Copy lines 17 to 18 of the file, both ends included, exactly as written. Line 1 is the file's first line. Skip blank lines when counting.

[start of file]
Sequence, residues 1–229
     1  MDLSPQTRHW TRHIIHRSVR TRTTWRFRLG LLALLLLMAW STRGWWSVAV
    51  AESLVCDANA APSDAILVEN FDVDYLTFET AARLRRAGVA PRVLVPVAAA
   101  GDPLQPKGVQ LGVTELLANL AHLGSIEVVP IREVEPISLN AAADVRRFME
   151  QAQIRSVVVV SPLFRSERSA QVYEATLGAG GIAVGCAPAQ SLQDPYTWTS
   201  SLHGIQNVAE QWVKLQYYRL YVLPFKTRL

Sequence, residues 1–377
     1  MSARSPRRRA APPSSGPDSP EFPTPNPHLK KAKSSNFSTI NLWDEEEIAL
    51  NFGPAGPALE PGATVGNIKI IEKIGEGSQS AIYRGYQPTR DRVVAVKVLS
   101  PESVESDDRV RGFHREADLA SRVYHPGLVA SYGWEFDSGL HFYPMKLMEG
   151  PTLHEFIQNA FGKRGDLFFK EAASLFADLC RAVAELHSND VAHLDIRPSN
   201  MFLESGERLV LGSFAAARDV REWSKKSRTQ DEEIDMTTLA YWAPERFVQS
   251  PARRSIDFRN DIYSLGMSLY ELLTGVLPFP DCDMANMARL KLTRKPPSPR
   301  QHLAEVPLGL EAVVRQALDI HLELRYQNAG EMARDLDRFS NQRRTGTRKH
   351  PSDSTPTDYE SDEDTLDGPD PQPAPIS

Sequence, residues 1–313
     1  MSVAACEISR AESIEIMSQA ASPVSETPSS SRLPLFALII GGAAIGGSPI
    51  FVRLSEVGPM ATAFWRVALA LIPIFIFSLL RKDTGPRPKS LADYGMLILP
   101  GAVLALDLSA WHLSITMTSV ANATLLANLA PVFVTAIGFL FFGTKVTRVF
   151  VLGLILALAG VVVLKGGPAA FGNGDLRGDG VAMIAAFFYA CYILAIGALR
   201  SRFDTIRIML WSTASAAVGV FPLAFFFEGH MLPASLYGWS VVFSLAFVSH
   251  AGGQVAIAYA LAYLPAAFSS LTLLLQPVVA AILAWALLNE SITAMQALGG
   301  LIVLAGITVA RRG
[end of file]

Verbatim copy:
     1  MSVAACEISR AESIEIMSQA ASPVSETPSS SRLPLFALII GGAAIGGSPI
    51  FVRLSEVGPM ATAFWRVALA LIPIFIFSLL RKDTGPRPKS LADYGMLILP